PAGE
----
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March 29, 2011

Keeping up with Storage Technology

While I was at SHARE a few weeks ago, I listened to IBM discuss BIG DATA and the evolution of data storage from terabytes to petabytes to exatabytes to zetabytes. As I thought about supporting these unimaginably huge numbers, I wondered further about the enhancements to storage technology and how DB2 for z/OS benefits from these changes.

Click the following link to download "Bytes Table:"  Download Bytes Table

DB2 for z/OS uses features in the Data Facility Storage Management Subsystem (DFSMS) to take advantage of improvements in both software and hardware interfaces. One area of improvement is in the size of volumes supported. The largest traditional 3390 device, 3390-54, supports 65,520 cylinders or approximately 54 GB. z/OS V1R10 introduced Extended Address Volumes (EAV), which raised the volume size to 262,668 cylinders, or 223 GB.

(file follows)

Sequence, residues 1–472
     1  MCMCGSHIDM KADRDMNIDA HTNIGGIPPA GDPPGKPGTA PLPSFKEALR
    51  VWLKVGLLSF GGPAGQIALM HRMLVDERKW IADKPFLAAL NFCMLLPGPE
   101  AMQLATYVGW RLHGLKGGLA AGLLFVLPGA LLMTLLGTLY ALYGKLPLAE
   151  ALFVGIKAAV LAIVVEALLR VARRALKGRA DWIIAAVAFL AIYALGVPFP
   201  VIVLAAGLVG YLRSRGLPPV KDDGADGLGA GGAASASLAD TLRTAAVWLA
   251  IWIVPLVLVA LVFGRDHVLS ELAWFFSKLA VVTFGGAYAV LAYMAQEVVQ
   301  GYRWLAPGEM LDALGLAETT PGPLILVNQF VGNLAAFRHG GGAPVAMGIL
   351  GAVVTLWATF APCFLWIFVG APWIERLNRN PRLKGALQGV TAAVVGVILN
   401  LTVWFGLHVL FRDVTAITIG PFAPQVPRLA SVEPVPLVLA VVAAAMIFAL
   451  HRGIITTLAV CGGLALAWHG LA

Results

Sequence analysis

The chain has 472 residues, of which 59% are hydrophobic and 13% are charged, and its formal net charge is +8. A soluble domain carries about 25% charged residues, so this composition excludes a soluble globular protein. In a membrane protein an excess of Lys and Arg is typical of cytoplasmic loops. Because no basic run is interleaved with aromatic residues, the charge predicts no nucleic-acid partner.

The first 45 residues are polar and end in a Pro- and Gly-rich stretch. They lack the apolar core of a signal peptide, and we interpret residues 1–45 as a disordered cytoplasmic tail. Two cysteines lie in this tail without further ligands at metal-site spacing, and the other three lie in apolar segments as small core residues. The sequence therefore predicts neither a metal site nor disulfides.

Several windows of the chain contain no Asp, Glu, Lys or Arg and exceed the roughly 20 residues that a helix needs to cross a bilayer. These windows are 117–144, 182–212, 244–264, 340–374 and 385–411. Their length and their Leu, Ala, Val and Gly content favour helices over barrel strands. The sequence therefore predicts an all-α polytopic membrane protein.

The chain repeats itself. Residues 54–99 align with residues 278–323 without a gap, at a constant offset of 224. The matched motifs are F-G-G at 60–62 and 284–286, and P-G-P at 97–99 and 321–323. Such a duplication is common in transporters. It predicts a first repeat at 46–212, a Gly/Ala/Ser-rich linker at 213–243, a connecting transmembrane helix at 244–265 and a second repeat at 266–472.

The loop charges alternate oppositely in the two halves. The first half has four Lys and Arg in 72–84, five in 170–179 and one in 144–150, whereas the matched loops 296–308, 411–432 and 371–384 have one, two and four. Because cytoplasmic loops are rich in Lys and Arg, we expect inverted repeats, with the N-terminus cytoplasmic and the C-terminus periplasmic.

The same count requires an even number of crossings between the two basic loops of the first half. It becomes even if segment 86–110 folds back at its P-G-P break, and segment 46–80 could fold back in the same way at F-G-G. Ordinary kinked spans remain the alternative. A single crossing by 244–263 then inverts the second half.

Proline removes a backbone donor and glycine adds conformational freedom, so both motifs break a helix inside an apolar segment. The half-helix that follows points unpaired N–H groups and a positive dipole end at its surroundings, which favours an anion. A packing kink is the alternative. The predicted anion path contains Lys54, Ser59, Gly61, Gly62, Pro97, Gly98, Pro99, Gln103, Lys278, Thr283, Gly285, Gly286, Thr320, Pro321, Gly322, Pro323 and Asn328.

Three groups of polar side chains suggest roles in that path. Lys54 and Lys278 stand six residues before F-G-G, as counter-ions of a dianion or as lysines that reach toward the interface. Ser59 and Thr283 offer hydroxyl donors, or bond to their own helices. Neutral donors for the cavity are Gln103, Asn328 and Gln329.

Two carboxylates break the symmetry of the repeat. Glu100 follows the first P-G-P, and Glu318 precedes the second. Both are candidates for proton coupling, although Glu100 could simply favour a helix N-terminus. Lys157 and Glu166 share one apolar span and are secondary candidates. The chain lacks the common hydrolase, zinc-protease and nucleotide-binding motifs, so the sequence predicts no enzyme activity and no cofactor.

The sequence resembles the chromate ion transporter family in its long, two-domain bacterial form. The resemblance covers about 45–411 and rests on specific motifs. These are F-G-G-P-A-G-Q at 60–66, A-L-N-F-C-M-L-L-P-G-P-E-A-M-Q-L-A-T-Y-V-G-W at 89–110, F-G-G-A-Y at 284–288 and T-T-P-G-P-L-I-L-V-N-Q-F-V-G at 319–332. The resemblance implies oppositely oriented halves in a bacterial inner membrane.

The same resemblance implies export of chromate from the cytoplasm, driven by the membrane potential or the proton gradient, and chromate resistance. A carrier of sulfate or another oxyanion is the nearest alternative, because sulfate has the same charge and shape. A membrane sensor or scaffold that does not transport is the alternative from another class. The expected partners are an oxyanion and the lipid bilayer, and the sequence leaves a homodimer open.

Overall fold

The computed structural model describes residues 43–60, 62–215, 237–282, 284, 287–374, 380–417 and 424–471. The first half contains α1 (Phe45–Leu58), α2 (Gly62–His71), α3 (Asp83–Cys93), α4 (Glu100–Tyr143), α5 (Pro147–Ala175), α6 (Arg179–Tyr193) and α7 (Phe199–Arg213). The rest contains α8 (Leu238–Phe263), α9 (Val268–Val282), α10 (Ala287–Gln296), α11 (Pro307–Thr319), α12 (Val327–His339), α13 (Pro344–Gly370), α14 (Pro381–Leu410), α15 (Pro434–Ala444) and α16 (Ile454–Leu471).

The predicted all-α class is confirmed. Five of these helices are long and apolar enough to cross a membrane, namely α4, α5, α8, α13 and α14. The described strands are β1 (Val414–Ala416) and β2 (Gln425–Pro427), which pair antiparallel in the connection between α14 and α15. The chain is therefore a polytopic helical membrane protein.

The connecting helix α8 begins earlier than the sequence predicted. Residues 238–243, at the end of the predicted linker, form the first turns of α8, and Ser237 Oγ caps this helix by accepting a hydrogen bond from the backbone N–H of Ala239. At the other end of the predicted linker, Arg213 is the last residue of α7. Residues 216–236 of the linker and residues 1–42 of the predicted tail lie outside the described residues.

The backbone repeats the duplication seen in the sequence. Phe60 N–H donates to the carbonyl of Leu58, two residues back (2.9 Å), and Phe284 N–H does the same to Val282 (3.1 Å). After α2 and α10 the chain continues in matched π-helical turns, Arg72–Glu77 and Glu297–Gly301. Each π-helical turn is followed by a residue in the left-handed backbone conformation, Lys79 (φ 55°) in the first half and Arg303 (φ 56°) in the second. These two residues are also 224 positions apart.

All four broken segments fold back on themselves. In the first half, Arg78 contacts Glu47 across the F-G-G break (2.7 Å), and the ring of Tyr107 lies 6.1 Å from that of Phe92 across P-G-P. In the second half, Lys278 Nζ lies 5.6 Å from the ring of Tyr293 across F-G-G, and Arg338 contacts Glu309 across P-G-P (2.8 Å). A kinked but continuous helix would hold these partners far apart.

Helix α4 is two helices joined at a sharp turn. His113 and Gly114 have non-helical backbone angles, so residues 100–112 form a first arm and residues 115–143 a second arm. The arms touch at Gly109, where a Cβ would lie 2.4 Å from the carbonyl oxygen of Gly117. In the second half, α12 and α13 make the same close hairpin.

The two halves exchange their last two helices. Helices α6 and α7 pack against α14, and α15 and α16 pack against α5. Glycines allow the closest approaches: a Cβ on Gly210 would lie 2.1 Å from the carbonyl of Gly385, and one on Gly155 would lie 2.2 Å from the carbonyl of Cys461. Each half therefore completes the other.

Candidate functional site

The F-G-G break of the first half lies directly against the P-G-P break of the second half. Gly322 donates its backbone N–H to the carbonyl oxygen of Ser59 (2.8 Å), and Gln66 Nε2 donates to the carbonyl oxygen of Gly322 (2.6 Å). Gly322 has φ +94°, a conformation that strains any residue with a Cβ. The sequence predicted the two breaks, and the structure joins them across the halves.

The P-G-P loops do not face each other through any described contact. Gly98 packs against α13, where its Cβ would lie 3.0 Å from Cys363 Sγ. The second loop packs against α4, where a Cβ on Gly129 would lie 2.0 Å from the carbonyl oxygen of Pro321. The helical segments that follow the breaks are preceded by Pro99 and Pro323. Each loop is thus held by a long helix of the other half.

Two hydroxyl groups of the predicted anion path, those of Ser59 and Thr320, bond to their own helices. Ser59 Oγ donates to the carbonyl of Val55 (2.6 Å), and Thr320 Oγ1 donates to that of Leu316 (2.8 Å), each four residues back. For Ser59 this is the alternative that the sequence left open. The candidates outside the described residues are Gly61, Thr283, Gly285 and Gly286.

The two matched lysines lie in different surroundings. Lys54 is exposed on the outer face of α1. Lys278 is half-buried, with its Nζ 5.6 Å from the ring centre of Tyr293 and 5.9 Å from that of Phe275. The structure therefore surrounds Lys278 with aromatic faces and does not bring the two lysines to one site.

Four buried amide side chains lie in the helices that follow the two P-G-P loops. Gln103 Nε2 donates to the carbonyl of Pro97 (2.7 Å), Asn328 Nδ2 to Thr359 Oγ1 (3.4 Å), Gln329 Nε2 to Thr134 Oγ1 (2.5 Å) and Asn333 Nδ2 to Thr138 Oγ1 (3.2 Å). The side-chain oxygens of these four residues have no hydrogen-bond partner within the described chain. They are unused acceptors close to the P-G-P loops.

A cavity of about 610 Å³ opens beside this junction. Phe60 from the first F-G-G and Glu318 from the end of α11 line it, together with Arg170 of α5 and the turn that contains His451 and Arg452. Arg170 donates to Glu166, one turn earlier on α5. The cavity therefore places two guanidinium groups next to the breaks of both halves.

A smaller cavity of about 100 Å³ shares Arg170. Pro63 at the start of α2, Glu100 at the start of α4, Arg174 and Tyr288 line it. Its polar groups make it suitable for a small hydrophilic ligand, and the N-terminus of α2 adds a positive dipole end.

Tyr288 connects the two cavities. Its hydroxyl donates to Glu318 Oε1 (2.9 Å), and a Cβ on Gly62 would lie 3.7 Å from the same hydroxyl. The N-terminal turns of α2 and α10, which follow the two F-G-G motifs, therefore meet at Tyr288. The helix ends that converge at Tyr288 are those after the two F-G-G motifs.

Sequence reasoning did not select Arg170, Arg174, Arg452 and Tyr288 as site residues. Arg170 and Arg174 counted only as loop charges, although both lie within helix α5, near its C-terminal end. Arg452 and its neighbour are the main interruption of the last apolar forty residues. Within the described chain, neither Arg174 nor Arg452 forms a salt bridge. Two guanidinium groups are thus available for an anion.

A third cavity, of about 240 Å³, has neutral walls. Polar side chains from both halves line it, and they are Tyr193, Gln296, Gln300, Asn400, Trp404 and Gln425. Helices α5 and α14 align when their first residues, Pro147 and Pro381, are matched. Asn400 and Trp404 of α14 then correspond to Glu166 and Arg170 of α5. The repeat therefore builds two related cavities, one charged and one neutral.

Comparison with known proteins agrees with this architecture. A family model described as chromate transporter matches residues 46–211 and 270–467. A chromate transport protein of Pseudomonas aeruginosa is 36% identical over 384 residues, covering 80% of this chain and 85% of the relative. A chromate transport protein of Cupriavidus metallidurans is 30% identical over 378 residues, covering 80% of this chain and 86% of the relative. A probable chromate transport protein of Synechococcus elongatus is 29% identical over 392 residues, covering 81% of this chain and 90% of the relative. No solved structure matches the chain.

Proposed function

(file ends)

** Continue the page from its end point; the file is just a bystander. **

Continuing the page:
To give you an idea of the progression in size by device:

3390-3      Max cyls:     3,339        3GB
3390-9      Max cyls:   10,017         9GB
3390-27    Max cyls:   32,760      27GB
3390-54    Max cyls:   65,520      54GB
3390-A     Max cyls:   262,668    225TB

As you can imagine, having more datasets on one volume can increase the I/O queue time. Old-time DBAs spent many hours determining the best dataset placement and separation across I/O controllers to avoid I/O bottlenecks. Now this issue is addressed by configuring an EAV device to use parallel access volumes (PAVs). PAVs bring a significant performance improvement over traditional I/O processing by allowing a single device from a single host to process multiple concurrent requests. When you PAV-enable a logical volume, you assign a static number of PAVs to that volume. However, you may find that you can't assign enough PAVs to keep up with the workload for a given volume. To address this issue, the DS8000 series disk subsystem offers an enhanced PAV with support for HyperPAV, which provides equal or better I/O performance while using the same or fewer operating system resources.

I’m sure your storage administrator can explain it in more detail than I just did. Storage has and will continue to be enhanced in many ways that make a DBA's job easier. Take the time to learn about these new technologies. And if the latest storage technologies are already in use at your company, please share a bit about your experiences in Comments.